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How to Evaluate Your Aptitude to Anaphylactic Shock?
- Anaphylactic shock is a serious medical condition that can result in death if not treated
- Anaphylactic shock is caused by a severe allergic reaction
- Immunotherapy can help with some types of severe allergies but not others
Anaphylactic shock is a very serious condition that can cause death if immediate medical treatment is not received, and this condition can be caused by a severe allergic reaction in your body. This condition can also be called anaphylaxis, and knowing whether you are at risk for this condition is important because of the extreme danger to your life and well being that it can cause if not treated very rapidly. The cause of anaphylaxis is an allergic reaction, but one that is very severe. This causes your body to experience a drop in blood pressure, breathing problems and difficulty, a severe rash with or without welting, severe swelling, itching, and even organ shutdown or failure which can cause you to die. Swelling, the drop in blood pressure, and the difficulty breathing are the three most serious symptoms, because swelling can block your airways preventing oxygen from getting to your cells, the blood pressure drop keeps blood away from vital organs which need it to function properly, and this can cause organs to slow or even stop working, which leads to your death. Because of the seriousness of this condition and the rapid reaction, testing your aptitude for anaphylactic shock should never include exposing yourself to allergens without medical supervision and immediate allergy treatment access.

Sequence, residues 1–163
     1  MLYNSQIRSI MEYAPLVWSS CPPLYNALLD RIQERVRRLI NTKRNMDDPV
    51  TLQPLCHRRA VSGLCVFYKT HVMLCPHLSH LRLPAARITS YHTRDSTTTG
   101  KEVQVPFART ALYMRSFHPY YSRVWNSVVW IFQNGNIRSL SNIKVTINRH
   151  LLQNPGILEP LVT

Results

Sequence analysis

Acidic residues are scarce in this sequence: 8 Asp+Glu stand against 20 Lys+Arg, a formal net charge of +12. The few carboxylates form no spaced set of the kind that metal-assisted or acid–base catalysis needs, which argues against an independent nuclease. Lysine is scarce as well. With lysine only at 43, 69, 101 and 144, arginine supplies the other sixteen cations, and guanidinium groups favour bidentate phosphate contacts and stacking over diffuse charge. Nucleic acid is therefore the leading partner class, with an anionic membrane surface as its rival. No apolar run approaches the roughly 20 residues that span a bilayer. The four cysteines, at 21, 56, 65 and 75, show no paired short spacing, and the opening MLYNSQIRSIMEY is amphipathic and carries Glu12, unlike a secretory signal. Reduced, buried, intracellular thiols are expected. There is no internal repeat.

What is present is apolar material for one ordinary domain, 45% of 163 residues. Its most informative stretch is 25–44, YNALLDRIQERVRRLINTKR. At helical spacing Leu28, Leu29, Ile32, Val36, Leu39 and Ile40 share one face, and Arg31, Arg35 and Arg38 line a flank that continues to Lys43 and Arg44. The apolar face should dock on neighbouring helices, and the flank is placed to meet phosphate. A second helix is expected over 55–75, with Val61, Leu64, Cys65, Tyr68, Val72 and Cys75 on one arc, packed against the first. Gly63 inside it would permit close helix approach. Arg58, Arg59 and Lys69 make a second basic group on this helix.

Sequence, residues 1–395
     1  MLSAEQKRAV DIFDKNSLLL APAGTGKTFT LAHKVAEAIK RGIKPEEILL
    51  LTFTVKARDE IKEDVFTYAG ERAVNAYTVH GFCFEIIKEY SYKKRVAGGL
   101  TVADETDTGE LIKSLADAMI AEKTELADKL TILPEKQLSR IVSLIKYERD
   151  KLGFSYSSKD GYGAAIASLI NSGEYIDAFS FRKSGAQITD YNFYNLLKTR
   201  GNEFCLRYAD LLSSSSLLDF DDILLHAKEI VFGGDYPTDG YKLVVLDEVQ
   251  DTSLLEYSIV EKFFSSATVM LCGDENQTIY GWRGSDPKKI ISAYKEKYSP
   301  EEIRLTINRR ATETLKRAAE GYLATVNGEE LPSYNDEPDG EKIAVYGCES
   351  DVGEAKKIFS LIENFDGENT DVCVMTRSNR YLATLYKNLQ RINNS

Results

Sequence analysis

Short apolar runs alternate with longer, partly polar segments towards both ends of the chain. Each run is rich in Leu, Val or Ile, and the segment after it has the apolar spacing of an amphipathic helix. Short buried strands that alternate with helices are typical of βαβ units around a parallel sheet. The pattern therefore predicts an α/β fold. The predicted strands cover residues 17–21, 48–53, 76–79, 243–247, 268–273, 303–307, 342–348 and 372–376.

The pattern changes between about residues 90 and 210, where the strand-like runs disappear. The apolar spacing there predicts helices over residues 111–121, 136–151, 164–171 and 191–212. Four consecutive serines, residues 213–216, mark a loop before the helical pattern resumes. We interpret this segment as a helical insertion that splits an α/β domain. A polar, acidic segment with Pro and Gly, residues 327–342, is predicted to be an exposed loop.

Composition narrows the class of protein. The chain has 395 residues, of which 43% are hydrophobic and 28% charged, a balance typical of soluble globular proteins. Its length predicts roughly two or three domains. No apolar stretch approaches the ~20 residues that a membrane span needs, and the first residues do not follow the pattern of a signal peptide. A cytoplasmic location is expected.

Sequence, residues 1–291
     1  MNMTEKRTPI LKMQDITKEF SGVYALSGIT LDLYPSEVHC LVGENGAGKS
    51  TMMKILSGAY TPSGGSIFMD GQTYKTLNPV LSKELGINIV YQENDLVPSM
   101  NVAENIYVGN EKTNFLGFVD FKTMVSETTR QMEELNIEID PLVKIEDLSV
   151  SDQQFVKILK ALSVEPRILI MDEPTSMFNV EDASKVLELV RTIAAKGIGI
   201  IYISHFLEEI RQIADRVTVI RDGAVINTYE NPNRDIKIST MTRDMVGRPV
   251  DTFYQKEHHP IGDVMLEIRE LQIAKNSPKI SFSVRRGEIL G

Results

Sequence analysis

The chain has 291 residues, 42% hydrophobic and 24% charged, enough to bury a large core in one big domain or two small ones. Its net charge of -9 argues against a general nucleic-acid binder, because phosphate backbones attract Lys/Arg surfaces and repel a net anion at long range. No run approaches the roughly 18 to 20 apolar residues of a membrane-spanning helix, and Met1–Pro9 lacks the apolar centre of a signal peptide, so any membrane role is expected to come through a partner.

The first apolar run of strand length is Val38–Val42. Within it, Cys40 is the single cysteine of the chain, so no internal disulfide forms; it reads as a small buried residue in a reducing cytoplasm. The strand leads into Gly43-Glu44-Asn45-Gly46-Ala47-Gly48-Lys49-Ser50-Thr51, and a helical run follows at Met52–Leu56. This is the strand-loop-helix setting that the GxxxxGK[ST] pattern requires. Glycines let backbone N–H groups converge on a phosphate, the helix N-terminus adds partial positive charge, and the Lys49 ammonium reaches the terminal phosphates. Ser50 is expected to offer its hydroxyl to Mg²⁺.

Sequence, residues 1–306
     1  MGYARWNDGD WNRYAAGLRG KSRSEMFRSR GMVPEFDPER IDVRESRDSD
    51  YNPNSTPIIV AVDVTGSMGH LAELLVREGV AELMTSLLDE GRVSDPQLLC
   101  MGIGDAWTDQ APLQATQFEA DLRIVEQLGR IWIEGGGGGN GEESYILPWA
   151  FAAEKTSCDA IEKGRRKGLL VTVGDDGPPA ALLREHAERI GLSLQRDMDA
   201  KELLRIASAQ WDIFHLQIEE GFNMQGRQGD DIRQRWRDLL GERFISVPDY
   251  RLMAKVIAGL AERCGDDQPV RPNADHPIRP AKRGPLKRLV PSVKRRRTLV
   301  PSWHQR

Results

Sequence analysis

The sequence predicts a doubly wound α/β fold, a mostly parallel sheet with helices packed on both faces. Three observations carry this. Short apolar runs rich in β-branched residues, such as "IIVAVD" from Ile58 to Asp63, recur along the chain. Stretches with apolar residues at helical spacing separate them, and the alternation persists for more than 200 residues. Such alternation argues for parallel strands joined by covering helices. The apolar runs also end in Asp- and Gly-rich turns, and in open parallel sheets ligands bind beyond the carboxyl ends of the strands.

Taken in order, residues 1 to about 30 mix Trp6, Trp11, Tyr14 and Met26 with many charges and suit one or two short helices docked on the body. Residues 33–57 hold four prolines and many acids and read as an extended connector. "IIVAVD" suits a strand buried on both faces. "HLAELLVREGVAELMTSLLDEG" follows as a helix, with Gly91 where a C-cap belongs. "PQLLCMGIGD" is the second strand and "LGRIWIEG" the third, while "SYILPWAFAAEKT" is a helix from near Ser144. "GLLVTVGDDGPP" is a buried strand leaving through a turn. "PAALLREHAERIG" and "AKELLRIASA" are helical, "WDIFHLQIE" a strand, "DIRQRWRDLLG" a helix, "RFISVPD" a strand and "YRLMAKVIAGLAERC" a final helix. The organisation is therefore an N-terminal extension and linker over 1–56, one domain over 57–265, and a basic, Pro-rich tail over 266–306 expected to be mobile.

The first thing you need to evaluate are your risk factors and chances of developing this condition. Do certain allergies run in your family? Do you have any allergies? Have you ever had immunotherapy? Does anyone in you family receive allergy treatment medications like anti-histamines or use allergen avoidance to prevent allergy symptoms? Some risk factors for anaphylaxis include previous allergies or a family history of allergies to any foods, drugs, venoms, insect stings or bites, or any bee or wasp stings. If you or anyone in your family suffers from any of these allergies, there is an increased chance that you could suffer from anaphylactic shock if exposed to certain allergens. If you have ever suffered from this condition before the odds are much greater that you will experience it again if exposed to the same allergen.
If you experience anaphylaxis, you need emergency medical treatment. Epinephrine is normally the first allergy treatment used for this serious condition, and if you are at high risk your doctor may prescribe an epinephrine pen and show you how to use it. When anaphylaxis hits, the symptoms can progress very fast from mild to unconscious, and this medication pen will allow you to inject yourself immediately as soon as you notice the signs of a severe allergic reaction. This will allow you to reverse the condition even before the paramedics arrive. If your doctor prescribes this device, always carry it with you everywhere because it may end up saving your life.
Once you have evaluated your aptitude for anaphylactic shock, you may want to discuss your allergy treatment options with your doctor. Immunotherapy can be very effective at desensitizing you to certain allergens which cause this condition, but not others. Bee sting and insect venom allergies can really benefit from immunotherapy, but many food allergies can not be helped with these treatment. One way to check your allergy severity level is to have your doctor inject you with a small amount of the suspected allergen and then note the results. Because this can cause anaphylaxis, it should only be done by a qualified medical setting where all of the drugs and equipment needed to treat this condition are available, just in case. Because of the higher risks involved, all of these precautions should be followed whenever you are exposed to any possible allergen.
The information supplied in this article is not to be considered as medical advice and is for educational purposes only.
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